Paddy Power PLC, Ireland's dominant betting company, reported a 52 percent surge in full-year profits Monday because of growing business on the Web and a string of losses by locally favored sports stars.
For the year ending Dec. 31, the Dublin-based company registered €62.8 million (US$95.3 million) in net profit, up from €41.2 million a year earlier. Its betting volume rose 13 percent to €2.03 billion (US$3.08 billion), led by increased online business.
The company said it was strongly positioned to weather the global economic downturn, because financial fears do little to deter gamblers from trying to forecast the future.
Investors agreed. Paddy Power shares bucked a broadly negative market to rise 1.8 percent and close at €21.53 (US$32.68) on the Irish Stock Exchange.
Paddy Power rolled out several new products and markets in 2007, including a Spanish-language Web site, casino-style games and financial "spread betting," which permits online gamblers to wager on the movement of stocks, bonds, currencies and commodities.
But the company's 3-year-old Web site for German gamblers is shutting down on March 17 — St. Patrick's Day — following German authorities' efforts to outlaw Internet gambling there.
Chairman Fintan Drury said the company was now attracting a majority of bets over the Web, not in traditional corner shops, but would keep opening retail outlets in gambling-friendly Ireland and Britain, where face-to-face business continues to grow.
He said Paddy Power planned to double its number of British outlets within the next three years. Paddy Power has 58 British shops, chiefly in London, but plans to expand into the largest Scottish city, Glasgow, and the northwest English city of Manchester this year.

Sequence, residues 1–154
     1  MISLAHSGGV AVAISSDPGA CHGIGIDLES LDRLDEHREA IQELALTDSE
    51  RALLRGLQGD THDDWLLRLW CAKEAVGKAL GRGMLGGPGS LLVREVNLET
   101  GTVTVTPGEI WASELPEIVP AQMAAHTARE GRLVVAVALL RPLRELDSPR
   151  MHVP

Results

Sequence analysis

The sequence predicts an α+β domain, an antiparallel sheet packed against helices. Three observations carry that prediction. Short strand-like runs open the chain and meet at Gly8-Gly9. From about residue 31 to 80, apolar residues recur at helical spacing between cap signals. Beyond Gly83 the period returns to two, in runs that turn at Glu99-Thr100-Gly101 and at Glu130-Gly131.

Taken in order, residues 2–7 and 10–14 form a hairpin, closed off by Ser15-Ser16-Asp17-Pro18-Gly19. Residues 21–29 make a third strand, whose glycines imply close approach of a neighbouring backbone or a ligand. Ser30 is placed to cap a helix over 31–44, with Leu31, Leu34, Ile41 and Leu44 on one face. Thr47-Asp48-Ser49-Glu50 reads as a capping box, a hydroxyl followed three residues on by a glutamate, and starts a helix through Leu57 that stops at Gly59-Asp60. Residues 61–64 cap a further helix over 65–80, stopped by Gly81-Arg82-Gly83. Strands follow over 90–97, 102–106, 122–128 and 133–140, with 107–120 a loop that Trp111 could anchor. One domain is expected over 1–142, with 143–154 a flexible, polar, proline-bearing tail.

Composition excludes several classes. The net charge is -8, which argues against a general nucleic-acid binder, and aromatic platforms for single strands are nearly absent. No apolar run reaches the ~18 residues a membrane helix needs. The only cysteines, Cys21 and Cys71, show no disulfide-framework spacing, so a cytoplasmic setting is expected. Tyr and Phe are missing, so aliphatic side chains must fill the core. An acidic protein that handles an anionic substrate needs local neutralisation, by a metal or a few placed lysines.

The company's profits soared thanks, in part, to a string of Irish sporting failures in 2007, both on Irish and British horse racing grounds and in the Rugby World Cup, when Ireland's highly rated team failed to get beyond the first stage.
Drury said Paddy Power did suffer its "biggest-ever payout" when Dublin hometown favorite Padraig Harrington won his first major golfing trophy, the British Open, in July.
Paddy Power — which was formed by the merger of three Irish betting firms in 1988 and is not named after a real person — has thrived on Ireland's deep-seated passion for horse racing and sports betting.
It was one of the first European bookmakers to gamble on the Internet, and has grown steadily despite the efforts of authorities in the United States and some European countries to prevent their citizens from betting on line. People with U.S.-based credit cards are barred from depositing money on Internet gambling sites.
Paddy Power also attracts international attention with its exceptional irreverence, offering odds on political and celebrity futures. Its current site on the U.S. presidential race, for example, offers gamblers the chance to identify the next scandal to hit campaigning: "Adultery" is the favorite, while "bigamy," "shoplifting" and "terrorist link" are rated least likely.